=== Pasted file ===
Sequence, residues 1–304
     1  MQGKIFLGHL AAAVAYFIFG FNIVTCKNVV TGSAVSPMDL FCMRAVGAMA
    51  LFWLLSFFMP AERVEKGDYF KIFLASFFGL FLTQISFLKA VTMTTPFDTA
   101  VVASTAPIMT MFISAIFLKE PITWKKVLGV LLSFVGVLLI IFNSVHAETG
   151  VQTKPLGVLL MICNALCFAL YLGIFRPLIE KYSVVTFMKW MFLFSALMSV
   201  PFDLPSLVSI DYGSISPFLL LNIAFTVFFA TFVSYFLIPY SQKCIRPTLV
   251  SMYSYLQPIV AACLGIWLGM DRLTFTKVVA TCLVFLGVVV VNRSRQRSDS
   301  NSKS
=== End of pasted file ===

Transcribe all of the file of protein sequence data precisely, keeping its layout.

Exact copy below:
Sequence, residues 1–304
     1  MQGKIFLGHL AAAVAYFIFG FNIVTCKNVV TGSAVSPMDL FCMRAVGAMA
    51  LFWLLSFFMP AERVEKGDYF KIFLASFFGL FLTQISFLKA VTMTTPFDTA
   101  VVASTAPIMT MFISAIFLKE PITWKKVLGV LLSFVGVLLI IFNSVHAETG
   151  VQTKPLGVLL MICNALCFAL YLGIFRPLIE KYSVVTFMKW MFLFSALMSV
   201  PFDLPSLVSI DYGSISPFLL LNIAFTVFFA TFVSYFLIPY SQKCIRPTLV
   251  SMYSYLQPIV AACLGIWLGM DRLTFTKVVA TCLVFLGVVV VNRSRQRSDS
   301  NSKS